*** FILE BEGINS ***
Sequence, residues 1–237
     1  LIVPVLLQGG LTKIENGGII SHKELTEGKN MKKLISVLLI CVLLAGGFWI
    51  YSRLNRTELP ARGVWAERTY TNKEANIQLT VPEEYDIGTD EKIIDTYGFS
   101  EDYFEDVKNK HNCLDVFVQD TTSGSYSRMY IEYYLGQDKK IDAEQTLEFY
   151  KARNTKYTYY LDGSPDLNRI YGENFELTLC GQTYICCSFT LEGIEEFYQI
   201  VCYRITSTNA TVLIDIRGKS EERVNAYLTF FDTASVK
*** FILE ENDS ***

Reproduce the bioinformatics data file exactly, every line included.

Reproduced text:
Sequence, residues 1–237
     1  LIVPVLLQGG LTKIENGGII SHKELTEGKN MKKLISVLLI CVLLAGGFWI
    51  YSRLNRTELP ARGVWAERTY TNKEANIQLT VPEEYDIGTD EKIIDTYGFS
   101  EDYFEDVKNK HNCLDVFVQD TTSGSYSRMY IEYYLGQDKK IDAEQTLEFY
   151  KARNTKYTYY LDGSPDLNRI YGENFELTLC GQTYICCSFT LEGIEEFYQI
   201  VCYRITSTNA TVLIDIRGKS EERVNAYLTF FDTASVK